Women actually need 4 different morning routines based on the 4 shifts you go through each month during one turn of the infradian biological rhythm.

Here’s what I do and this is done alongside my morning mama duties, and the physical activity can be done at any time of day that feels good and works optimally with the intersection of your circadian and infradian rhythms, if one wanted to do it in the morning that’s fine, but not essential and optimal like it is for men:

A good morning routine has 2 parts:

Stress Management – meditation, movement, but doesn’t not always include a workout

and

Thought Management – directing attention/intention with visualization, journaling, intention setting

I’ve broken this down by each of the 4 phases of your cycle to take advantage and optimize your infradian rhythm and explained why.

Follicular phase – can do earlier morning waking and working out, this will look like what you are familiar with, hormone levels are low, but estrogen is rising, so gentle start, but early in the day will get oxytocin and dopamine going for optimal performance the rest of the day

Stress Management:

seated meditation

Visualization

Thought Management:

Read or listen to something new/inspiring/learn something new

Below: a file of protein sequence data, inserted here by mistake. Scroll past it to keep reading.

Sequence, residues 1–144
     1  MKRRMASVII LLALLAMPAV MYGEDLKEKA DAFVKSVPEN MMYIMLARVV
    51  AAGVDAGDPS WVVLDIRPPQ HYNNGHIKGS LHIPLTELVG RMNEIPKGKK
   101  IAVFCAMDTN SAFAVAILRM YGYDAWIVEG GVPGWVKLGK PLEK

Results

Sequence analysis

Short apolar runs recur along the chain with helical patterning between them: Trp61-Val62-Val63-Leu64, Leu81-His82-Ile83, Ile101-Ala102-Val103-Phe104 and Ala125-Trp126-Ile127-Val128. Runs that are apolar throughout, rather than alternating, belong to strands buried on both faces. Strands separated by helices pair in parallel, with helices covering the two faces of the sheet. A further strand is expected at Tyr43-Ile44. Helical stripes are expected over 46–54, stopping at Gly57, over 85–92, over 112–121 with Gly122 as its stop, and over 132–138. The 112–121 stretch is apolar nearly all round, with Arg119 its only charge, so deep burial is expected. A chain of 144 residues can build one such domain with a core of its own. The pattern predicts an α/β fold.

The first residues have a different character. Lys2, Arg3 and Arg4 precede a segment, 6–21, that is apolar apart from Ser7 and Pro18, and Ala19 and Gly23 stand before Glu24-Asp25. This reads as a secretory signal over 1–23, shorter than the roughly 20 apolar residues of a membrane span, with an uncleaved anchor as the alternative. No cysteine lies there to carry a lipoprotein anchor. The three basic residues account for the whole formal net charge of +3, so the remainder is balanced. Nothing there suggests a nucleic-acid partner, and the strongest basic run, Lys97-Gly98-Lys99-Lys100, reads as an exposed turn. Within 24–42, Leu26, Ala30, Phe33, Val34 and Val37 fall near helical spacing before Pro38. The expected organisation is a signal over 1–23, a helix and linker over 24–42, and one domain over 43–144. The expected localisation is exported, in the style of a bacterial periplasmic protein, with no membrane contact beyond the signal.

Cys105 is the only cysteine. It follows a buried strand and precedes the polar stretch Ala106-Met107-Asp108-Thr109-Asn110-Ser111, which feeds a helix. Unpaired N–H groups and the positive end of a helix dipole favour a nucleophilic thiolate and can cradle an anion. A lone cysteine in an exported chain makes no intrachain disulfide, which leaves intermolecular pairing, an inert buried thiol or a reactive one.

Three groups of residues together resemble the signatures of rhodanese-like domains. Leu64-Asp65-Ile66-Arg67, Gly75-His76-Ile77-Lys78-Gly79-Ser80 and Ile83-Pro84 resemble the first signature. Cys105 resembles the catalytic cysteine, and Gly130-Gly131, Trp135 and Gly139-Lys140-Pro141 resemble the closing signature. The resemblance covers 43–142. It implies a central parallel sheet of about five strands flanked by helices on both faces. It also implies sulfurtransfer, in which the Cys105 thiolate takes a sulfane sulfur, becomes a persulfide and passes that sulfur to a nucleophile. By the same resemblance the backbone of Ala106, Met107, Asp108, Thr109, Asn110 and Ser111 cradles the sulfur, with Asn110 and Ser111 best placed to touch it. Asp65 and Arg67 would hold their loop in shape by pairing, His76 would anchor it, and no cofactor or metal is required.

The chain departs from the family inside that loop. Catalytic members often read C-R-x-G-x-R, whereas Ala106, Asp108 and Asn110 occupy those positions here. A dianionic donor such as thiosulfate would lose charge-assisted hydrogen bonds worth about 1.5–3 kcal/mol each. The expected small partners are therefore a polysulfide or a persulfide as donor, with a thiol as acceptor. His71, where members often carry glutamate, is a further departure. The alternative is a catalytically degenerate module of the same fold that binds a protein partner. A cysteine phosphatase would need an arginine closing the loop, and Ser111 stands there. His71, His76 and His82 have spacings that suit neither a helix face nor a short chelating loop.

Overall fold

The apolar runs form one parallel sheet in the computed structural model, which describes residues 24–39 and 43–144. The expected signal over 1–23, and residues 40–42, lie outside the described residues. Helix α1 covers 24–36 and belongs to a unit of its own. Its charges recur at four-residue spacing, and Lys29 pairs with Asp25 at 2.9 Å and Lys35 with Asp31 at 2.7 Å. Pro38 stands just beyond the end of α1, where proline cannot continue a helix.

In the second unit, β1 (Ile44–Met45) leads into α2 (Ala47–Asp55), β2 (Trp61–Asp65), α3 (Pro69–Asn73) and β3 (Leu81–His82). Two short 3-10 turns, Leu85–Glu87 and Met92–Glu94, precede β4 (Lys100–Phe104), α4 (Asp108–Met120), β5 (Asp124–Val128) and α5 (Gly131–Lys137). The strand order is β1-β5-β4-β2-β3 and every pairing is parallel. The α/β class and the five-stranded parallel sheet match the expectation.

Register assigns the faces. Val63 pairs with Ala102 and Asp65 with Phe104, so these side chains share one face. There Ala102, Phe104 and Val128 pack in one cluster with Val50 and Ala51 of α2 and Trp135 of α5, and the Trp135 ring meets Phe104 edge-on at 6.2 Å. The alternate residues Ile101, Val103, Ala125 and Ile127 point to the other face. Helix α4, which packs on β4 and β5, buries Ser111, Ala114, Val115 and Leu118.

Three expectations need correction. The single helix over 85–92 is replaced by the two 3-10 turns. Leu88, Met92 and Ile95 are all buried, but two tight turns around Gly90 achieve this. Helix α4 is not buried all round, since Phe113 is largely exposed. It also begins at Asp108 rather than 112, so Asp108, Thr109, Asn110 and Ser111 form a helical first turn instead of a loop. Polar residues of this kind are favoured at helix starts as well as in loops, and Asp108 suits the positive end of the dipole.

set or review intentions for the month

Exercise:

20-30 cardio at home/or 30 min walk – morning time is great, but lunch time is great as well

Ovulation phase – tons of early morning energy and all day energy with constant levels of testosterone introduced during this phase – can do earlier morning waking and can work out any time of day

Stress Management and Exercise: 2 Options

Early wake up and HIIT workout – 20 minutes

Then seated meditation – 20 minutes

OR

If short on time in the morning:

Morning movement based meditation (dance to a few favorite songs and lose yourself) flushes cortisol, builds oxytocin, boosts dopamine – 10 minutes

And then do HIIT workout when it fits with your schedule – 30-60 minutes

Thought Management:

set intentions of who to connect with – verbal and social centers are hormonally supercharged so each day focus on connecting with your community in some way

Luteal phase – cortisol is higher this whole phase, so a cortisol flush to start the day is critical for success

Stress Management: – maximize cortisol flushing:

Dance (movement based meditation)

Self pleasure session without a vibrator

Jumping on a mini trampoline for 5 minutes

Seated meditation

Thought Management:

review daily task list and cancel any unnecessary meetings, focus on solo work

Make list of gratitudes

Exercise: mid day or later in the day

Pilates, strength training – (no cardio or HIIT) 30 minutes max or cortisol disruption occurs

Menstrual phase –

Stress Management:

seated meditation

Thought Management:

journal about major life areas and reflect

Make gratitude list

Exercise: any time of day that works for you, typically not in the morning this phase

yin/gentle yoga/walk 

Always remember, that once you have the right information about how your body really works, you can start making health choices that finally start to work for you! You can do this – the science of your body is on your side!